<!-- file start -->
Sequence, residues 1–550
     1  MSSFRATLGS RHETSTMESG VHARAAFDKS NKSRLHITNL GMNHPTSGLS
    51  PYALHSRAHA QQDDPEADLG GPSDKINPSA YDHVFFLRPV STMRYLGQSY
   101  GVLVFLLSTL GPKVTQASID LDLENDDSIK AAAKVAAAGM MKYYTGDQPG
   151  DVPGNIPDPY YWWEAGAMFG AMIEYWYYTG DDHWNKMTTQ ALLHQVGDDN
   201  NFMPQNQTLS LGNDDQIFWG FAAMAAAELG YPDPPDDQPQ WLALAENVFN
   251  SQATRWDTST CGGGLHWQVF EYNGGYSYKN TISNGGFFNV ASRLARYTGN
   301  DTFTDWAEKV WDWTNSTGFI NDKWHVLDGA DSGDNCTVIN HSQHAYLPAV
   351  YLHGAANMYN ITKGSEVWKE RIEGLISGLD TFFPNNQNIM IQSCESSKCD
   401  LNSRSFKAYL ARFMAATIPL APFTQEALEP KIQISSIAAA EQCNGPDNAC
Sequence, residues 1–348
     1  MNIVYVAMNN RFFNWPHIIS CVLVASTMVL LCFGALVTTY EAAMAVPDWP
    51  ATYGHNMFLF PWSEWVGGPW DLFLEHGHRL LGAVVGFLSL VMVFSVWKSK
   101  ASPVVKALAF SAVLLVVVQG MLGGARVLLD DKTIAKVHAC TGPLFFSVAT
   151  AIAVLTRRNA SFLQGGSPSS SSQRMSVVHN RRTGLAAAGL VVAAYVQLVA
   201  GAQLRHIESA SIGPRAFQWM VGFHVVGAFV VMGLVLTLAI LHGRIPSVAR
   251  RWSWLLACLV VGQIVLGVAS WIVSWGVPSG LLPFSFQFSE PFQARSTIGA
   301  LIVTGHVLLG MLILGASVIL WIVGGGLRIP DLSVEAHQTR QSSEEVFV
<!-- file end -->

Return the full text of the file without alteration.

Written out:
Sequence, residues 1–550
     1  MSSFRATLGS RHETSTMESG VHARAAFDKS NKSRLHITNL GMNHPTSGLS
    51  PYALHSRAHA QQDDPEADLG GPSDKINPSA YDHVFFLRPV STMRYLGQSY
   101  GVLVFLLSTL GPKVTQASID LDLENDDSIK AAAKVAAAGM MKYYTGDQPG
   151  DVPGNIPDPY YWWEAGAMFG AMIEYWYYTG DDHWNKMTTQ ALLHQVGDDN
   201  NFMPQNQTLS LGNDDQIFWG FAAMAAAELG YPDPPDDQPQ WLALAENVFN
   251  SQATRWDTST CGGGLHWQVF EYNGGYSYKN TISNGGFFNV ASRLARYTGN
   301  DTFTDWAEKV WDWTNSTGFI NDKWHVLDGA DSGDNCTVIN HSQHAYLPAV
   351  YLHGAANMYN ITKGSEVWKE RIEGLISGLD TFFPNNQNIM IQSCESSKCD
   401  LNSRSFKAYL ARFMAATIPL APFTQEALEP KIQISSIAAA EQCNGPDNAC
Sequence, residues 1–348
     1  MNIVYVAMNN RFFNWPHIIS CVLVASTMVL LCFGALVTTY EAAMAVPDWP
    51  ATYGHNMFLF PWSEWVGGPW DLFLEHGHRL LGAVVGFLSL VMVFSVWKSK
   101  ASPVVKALAF SAVLLVVVQG MLGGARVLLD DKTIAKVHAC TGPLFFSVAT
   151  AIAVLTRRNA SFLQGGSPSS SSQRMSVVHN RRTGLAAAGL VVAAYVQLVA
   201  GAQLRHIESA SIGPRAFQWM VGFHVVGAFV VMGLVLTLAI LHGRIPSVAR
   251  RWSWLLACLV VGQIVLGVAS WIVSWGVPSG LLPFSFQFSE PFQARSTIGA
   301  LIVTGHVLLG MLILGASVIL WIVGGGLRIP DLSVEAHQTR QSSEEVFV